I have examined several Smith and Wesson Classic revolvers. The fit and finish has most always been excellent. The original 586 features a nice finish that offers a dark, even surface. The revolver cycles smoothly.
Part of the energy expended by the trigger finger cocks and drops the hammer and part of the energy cycles the cylinder. The Smith and Wesson revolver is smooth, often very smooth, and responds well to a shooter who practices.
Examine the gap between the frame and the crane and judge for yourself how tightly the cylinder locks up. The original 586 and the modern Classic are excellent handguns. The newer handguns have the greater mechanical accuracy potential. CNC manufacture makes for tight tolerances. The original revolver illustrated features custom-grade finger groove grips. Smith and Wesson has offered quite a few custom grade grips, and in my opinion, these are the best for overall use with magnum loads. They are not raspy, but offer good control.
I broke out the 586 for this evaluation. The revolver was fired for accuracy using the Remington 158-grain lead .38 Special at 740 fps. First, this is an accurate load that exhibited a 1 ¼-inch group at 25 yards for a five-shot group, firing from a benchrest.
Firing double action in offhand fire, the revolver is a joy to fire. I centered hits at 5, 7, and 10 yards, even 15 yards, firing in double action fire. Switching to the Remington 158-grain SWC in .357 Magnum, I was surprised. This load jolted the backstop at 1,235 fps. This is a full power load similar to that offered for the original magnum. It is good for 2 inches at 25 yards in the 586 revolver. This would be an outstanding load for animal defense. It has the original qualities of the magnum, including excellent penetration.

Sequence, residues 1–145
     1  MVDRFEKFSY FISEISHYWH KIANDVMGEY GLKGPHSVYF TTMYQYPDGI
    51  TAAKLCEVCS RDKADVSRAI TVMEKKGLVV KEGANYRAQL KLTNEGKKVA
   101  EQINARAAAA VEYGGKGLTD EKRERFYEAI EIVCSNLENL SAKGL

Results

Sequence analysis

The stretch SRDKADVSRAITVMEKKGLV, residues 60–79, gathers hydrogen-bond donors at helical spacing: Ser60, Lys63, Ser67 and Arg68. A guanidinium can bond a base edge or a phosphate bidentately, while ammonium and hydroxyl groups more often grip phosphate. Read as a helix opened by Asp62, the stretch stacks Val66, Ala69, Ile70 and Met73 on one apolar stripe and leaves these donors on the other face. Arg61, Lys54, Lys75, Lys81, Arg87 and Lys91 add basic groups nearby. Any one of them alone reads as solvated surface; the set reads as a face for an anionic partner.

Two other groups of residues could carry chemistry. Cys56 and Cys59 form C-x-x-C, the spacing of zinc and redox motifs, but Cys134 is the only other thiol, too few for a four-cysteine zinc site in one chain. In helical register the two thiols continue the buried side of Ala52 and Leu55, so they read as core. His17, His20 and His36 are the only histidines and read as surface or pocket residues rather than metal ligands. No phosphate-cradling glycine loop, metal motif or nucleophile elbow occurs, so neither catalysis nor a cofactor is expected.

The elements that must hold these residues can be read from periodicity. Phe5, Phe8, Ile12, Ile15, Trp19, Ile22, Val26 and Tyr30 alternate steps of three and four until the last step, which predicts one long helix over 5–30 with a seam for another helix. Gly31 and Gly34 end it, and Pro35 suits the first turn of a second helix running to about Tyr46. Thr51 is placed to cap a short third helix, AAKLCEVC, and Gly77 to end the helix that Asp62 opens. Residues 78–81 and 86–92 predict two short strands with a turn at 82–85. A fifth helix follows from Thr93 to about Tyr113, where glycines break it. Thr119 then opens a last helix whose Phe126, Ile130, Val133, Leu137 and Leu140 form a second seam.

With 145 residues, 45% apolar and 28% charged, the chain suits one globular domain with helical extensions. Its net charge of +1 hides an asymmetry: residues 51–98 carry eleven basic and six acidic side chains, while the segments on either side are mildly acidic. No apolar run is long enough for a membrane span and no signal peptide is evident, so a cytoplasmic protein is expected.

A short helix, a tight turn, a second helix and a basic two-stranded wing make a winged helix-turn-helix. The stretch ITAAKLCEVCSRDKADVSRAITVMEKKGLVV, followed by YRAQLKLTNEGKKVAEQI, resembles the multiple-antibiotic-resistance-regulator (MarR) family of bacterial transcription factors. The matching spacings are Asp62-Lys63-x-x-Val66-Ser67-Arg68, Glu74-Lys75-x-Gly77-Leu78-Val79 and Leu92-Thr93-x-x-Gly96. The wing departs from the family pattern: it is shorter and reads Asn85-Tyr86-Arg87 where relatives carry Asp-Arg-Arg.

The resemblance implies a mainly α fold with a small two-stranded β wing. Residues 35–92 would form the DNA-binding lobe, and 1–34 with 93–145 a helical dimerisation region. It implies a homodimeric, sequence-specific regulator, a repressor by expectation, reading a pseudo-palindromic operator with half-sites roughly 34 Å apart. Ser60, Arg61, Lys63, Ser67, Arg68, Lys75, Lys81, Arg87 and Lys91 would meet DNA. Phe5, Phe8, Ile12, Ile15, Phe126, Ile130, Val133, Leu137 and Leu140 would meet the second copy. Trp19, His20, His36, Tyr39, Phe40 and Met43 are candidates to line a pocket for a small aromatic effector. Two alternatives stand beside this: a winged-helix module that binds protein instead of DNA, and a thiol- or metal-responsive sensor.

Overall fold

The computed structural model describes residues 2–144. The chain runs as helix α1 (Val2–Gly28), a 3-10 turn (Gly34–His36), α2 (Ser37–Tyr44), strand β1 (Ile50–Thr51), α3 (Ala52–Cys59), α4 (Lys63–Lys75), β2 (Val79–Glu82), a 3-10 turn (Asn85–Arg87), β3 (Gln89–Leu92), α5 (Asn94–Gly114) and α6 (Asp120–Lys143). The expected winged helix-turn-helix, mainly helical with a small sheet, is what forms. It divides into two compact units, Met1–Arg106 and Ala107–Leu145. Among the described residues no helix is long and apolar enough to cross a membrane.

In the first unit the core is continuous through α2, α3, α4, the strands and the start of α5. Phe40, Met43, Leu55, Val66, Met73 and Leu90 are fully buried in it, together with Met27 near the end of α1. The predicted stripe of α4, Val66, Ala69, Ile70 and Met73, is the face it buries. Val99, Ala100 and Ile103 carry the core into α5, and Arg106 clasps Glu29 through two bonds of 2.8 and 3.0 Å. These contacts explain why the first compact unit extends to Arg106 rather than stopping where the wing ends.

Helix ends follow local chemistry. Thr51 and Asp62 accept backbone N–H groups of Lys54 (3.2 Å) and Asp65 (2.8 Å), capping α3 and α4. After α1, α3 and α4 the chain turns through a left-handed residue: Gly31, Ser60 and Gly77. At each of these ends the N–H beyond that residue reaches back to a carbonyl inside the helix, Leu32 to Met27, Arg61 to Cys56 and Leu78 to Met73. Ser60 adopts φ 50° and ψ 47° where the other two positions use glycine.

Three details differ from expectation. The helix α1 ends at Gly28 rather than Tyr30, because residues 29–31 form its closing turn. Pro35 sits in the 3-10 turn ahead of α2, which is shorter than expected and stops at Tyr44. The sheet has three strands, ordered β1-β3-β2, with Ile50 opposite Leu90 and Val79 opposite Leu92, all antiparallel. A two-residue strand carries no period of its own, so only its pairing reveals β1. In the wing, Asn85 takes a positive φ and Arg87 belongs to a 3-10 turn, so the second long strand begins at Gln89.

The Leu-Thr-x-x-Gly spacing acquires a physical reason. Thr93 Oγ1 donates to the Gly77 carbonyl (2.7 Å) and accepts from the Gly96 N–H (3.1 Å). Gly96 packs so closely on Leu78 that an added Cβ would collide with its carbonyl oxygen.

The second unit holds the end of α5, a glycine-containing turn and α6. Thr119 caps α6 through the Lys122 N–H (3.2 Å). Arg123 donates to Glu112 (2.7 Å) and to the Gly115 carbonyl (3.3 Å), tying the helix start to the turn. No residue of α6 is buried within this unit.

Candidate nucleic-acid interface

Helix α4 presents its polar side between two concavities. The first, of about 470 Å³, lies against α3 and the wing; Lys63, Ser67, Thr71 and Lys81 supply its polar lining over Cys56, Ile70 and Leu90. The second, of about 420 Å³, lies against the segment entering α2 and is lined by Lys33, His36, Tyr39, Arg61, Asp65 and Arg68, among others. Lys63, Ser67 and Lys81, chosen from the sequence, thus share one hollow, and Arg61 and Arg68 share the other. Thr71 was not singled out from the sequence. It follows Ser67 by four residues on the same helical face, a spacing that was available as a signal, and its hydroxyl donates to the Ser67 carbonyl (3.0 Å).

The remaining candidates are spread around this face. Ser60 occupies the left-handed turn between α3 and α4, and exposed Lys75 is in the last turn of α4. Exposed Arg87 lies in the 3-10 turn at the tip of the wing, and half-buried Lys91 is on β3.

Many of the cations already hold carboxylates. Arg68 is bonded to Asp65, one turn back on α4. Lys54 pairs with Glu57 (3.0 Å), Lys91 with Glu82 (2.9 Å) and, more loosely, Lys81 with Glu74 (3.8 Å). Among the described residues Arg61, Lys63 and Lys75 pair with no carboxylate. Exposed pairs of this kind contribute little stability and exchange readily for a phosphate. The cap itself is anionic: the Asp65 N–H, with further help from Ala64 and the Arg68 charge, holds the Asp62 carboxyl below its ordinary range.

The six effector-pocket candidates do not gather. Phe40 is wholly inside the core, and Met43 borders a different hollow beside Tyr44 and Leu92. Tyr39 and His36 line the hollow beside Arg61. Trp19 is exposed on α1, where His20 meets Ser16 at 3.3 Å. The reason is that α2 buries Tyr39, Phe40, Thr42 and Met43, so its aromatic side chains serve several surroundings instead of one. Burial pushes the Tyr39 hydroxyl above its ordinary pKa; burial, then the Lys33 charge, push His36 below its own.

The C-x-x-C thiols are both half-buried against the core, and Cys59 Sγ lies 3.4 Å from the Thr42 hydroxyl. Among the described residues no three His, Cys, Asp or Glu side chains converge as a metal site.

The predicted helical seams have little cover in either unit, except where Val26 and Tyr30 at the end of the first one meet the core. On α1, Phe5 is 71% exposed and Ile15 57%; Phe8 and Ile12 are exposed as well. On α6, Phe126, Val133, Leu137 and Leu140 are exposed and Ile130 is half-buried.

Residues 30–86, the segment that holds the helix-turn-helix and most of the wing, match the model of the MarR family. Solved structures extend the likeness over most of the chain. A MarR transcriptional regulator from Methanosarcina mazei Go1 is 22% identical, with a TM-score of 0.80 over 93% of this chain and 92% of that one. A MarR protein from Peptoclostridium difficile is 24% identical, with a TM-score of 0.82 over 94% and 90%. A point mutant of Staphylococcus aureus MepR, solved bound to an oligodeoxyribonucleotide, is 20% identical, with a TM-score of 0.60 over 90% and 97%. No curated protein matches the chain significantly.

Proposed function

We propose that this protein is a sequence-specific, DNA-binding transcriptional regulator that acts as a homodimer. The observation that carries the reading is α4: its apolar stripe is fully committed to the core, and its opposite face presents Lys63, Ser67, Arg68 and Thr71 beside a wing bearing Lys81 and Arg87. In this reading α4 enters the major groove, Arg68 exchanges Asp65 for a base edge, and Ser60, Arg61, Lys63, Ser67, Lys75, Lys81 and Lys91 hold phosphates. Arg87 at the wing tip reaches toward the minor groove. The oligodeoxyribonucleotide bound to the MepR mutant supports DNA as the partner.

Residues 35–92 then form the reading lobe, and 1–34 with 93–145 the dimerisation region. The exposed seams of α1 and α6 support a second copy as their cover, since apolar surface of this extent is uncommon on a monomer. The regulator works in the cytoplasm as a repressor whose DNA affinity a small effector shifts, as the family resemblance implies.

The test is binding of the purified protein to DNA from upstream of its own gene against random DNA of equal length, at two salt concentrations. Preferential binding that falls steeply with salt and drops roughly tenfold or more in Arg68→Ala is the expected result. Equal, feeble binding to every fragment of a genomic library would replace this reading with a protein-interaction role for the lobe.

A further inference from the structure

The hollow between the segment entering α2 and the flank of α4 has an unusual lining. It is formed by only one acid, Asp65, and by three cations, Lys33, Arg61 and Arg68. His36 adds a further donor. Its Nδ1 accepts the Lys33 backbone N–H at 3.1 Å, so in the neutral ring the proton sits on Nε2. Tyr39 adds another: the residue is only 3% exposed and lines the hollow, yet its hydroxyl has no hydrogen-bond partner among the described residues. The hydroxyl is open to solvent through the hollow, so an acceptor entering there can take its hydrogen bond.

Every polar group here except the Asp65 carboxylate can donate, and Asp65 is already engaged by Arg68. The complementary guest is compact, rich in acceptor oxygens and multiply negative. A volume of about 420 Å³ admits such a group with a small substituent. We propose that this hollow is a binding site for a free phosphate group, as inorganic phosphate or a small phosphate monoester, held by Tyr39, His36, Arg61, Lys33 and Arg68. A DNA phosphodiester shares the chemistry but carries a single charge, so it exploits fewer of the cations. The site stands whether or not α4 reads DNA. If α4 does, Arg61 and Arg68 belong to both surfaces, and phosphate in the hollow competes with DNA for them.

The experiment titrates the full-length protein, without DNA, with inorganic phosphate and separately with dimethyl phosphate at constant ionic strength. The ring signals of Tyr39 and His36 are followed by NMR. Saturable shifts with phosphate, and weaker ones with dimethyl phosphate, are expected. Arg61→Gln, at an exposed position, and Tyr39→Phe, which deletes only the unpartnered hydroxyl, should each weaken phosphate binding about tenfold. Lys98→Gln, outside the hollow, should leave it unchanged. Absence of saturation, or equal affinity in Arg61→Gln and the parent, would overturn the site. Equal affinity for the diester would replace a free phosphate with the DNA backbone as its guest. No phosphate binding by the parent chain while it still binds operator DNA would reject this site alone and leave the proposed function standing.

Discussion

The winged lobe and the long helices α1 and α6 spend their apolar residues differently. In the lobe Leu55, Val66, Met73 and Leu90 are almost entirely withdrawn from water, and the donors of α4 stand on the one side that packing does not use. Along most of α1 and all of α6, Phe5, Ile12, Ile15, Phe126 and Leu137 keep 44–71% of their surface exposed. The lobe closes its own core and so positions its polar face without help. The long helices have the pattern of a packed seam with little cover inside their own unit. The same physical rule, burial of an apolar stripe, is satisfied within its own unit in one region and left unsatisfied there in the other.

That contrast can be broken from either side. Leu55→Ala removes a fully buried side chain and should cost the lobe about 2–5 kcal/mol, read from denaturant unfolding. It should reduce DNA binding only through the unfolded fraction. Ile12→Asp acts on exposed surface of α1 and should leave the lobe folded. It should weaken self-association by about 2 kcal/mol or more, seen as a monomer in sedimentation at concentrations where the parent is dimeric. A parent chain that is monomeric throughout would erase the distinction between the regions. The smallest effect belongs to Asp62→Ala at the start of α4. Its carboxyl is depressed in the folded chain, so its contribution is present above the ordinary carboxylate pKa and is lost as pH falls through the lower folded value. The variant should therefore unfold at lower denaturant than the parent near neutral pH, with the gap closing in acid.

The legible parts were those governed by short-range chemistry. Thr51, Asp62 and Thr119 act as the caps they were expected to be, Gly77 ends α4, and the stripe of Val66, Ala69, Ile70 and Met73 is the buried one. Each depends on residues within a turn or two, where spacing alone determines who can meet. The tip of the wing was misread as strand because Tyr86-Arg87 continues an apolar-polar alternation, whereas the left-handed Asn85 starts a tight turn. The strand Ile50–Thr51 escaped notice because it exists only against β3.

A load that is overlooked in this day of bonded core ammunition is the Remington 125-grain short jacketed hollow point. This load has earned an excellent reputation in decades of use in personal defense. At 1,400 fps this load expands rapidly and fragments. The result is rapid shutdown—unlike any other caliber and load in general use.
This load has a fierce muzzle blast due to the amount of slow burning powder. However, recoil is controllable with practice. It is worth the effort. While the .38 Special and .357 Magnum are available in many options, these three Remington loads represent all that is really needed. A light load for practice, a heavy load for outdoors use, and a rapidly opening JHP for personal defense and home protection. The Smith and Wesson L frame handles them all well.
The L frame Smith and Wesson is a first class revolver well worth its price and a great choice for long-term service. Obtain a first class holster, such as the Silhouette from Galco, and you are in business. The Smith and Wesson L frame is first class protection against man or beast.
The Smith and Wesson L frame is first class protection against man or beast. That being said, how would you use the L frame? How does it compare to your favorite revolver? Share your answers in the comment section.
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Paul Strickland says
I have both ends of the L frame family. A first year 586, 8″ , no dash. And a new 686, 5″ from the new “3-5-7″ series of 7 shot, unfluted cylinder models. Both are smooth, accurate shooters . The old school 586 carries a 2x Burris Pistol Scope and will shoot sub 2” groups at 75 yards from sandbags. The new 686 is one of the best out of the box guns I’ve ever shot. Not just great revolvers … great guns.
Rick Brewer says
What is the big difference between a K frame and L frame?